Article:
Sunday, December 02, 2007

History Lessons

The following is adapted from an introduction that I wrote almost three years ago for "The Modern Presidency: A Tour of American History since 1900," in its original incarnation.

Chief among the lessons of American history since 1900 is the price we have paid for allowing government to become so powerful. Most Americans today take for granted a degree of government involvement in their lives that would have shocked the Americans of 1900. The growth of governmental power has undermined the voluntary social institutions upon which civil society depends for orderly evolution: family, church, club, and community. The results are evident in the incidence of crime, broken homes, and drug use; in the resort to sex, violence, sensationalism, and banality as modes of entertainment; and generally in the social fragmentation and alienation that beset Americans -- in spite of their prosperity.

The other edge of the governmental sword is interference in economic affairs through taxation and regulation. Such interference, which has grown exponentially since the early 1900s, has blunted Americans' incentives to work hard, invent, innovate, and create new businesses. The result is that Americans -- as prosperous as they are -- are far less prosperous than they would be had they not ceded so much economic power to government.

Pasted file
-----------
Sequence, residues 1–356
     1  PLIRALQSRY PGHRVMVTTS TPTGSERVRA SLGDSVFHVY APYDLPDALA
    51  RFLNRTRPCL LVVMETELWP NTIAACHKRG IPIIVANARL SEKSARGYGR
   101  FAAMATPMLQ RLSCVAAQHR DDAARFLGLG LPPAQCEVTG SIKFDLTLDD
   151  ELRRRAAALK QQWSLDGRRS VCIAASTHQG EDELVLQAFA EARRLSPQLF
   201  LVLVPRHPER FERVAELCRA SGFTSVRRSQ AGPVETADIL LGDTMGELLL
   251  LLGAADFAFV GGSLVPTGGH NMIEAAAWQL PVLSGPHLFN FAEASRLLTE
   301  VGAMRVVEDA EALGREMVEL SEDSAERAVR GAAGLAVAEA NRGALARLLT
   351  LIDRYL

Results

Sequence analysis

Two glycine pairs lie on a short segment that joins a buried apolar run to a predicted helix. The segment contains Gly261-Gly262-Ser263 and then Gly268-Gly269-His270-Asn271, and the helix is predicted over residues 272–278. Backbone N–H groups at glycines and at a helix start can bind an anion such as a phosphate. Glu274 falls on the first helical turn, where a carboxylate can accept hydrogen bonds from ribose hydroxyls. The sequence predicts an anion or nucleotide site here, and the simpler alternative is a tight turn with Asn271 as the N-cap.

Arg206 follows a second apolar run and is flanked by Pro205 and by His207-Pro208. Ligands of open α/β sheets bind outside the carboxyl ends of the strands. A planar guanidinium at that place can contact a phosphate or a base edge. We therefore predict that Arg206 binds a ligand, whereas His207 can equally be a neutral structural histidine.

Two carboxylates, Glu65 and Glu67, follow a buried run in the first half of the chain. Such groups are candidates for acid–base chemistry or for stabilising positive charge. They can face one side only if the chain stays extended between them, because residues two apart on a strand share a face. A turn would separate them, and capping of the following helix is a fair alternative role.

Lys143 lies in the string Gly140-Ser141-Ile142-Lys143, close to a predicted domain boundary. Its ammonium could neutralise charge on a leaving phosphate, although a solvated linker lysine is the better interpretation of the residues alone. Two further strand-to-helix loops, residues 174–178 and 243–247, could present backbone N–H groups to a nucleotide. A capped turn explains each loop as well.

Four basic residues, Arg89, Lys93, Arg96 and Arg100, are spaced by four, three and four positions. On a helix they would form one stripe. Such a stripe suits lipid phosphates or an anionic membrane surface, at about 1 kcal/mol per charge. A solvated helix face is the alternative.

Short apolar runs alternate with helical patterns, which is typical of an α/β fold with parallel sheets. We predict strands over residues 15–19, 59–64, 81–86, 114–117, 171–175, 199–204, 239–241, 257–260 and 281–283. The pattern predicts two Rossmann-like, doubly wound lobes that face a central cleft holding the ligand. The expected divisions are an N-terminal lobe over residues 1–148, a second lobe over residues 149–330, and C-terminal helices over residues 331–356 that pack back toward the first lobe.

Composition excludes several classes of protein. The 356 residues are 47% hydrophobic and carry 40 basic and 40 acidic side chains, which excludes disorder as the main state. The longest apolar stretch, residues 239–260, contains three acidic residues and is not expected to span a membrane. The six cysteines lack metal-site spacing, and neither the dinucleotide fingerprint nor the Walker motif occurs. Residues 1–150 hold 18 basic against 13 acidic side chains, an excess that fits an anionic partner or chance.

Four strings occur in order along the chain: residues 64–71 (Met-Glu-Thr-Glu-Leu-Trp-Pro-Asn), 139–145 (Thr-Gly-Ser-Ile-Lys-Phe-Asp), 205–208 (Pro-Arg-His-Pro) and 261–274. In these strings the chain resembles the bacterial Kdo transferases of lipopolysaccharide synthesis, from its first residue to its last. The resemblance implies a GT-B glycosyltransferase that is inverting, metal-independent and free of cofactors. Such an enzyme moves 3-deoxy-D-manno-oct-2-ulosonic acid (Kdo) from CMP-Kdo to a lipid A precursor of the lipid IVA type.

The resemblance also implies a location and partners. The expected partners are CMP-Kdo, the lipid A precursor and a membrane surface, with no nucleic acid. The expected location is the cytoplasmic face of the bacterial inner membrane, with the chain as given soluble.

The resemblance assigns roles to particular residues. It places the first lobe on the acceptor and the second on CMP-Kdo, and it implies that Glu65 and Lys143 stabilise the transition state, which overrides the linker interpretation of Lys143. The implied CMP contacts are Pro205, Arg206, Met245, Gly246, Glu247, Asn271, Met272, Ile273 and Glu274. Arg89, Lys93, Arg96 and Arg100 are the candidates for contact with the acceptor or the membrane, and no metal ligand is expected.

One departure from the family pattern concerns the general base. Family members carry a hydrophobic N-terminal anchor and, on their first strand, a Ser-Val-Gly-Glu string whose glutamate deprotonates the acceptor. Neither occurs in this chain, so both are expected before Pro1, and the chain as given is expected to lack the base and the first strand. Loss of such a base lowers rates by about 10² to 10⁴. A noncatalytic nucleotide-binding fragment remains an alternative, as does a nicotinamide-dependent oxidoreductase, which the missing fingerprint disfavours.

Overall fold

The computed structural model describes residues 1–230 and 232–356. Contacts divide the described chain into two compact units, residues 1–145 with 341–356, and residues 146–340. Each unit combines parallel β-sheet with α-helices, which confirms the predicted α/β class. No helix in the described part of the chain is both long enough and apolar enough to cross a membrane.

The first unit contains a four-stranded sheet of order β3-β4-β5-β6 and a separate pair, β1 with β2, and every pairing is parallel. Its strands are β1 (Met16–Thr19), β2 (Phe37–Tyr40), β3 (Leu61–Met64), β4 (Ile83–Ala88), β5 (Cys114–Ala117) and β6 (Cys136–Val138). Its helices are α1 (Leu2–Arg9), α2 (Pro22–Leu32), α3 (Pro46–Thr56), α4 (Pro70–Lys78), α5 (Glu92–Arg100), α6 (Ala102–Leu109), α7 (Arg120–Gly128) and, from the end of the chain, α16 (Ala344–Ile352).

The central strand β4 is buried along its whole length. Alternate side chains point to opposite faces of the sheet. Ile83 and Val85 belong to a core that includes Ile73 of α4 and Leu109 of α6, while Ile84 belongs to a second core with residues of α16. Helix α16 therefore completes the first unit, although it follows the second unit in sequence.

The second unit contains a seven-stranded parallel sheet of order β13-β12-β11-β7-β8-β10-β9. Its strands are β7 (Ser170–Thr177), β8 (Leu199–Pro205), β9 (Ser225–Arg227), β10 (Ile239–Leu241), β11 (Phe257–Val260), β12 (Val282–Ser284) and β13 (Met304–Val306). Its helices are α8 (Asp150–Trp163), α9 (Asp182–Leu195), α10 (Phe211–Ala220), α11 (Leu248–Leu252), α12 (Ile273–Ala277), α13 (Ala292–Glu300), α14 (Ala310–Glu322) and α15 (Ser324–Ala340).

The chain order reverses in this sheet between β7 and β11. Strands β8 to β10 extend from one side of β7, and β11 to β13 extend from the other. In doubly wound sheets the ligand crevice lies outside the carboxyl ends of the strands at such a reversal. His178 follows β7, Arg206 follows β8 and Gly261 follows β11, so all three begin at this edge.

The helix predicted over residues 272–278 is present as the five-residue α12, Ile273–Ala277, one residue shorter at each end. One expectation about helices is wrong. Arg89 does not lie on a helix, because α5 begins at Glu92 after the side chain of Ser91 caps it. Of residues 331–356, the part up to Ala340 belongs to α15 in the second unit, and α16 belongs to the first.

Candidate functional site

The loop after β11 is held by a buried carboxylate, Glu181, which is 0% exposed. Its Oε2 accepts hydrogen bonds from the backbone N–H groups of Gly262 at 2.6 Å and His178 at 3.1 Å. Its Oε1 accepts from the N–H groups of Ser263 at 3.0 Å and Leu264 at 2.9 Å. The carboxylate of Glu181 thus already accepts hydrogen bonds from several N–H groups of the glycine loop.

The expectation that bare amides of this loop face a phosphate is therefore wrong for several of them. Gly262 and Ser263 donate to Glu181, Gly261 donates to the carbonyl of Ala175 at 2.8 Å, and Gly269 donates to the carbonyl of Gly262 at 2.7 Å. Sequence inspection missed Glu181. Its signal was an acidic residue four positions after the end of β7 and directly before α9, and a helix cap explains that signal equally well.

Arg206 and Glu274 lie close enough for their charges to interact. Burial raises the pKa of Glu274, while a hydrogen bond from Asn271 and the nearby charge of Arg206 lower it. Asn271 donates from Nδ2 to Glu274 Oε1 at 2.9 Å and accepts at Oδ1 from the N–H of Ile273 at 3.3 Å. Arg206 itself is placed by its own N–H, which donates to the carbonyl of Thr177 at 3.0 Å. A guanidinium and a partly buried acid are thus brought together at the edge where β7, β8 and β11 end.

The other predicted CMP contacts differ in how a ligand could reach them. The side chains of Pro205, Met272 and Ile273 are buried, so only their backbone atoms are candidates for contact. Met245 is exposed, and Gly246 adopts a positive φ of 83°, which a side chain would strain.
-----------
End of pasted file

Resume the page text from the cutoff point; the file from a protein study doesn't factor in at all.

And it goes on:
Because of the growth of governmental power, much of the freedom that attends Americans' prosperity is largely illusory: Americans actually have less freedom than they used to have -- and much less freedom than envisioned by the founding generation that fought for America's independence and wrote its Constitution. I am referring not to the imagined excesses of the current administration, which is vigorously and constitutionally defending American citizens against foreign predators. I am referring to such real things as:
  • the diminution of free speech in the name of campaign-finance "reform"
  • the denial of property rights, the right to work, and freedom of association for the sake of racial and sexual "equality"
  • the seizure of private property for private use in the name of "economic development"
  • the interference of government in almost every aspect of commerce, from deciding what may and may not be produced to how it must be produced, advertised, and sold -- all to ensure that we do not make mistakes from which we can learn and profit
  • exorbitant taxation at every level of government, which denies those persons who have earned money lawfully the right to decide how to use it lawfully and gives that money, instead, to parasites in and out of government.
Those are the kinds of abuses of governmental power that Americans have acquiesced in -- and even clamored for. It is those abuses that should outrage politicians and pundits -- and the masses who swallow their distortions and their socialistic agenda.

For a detailed analysis, rich with links to supporting posts and articles, see "A Political Compass: Locating the United States."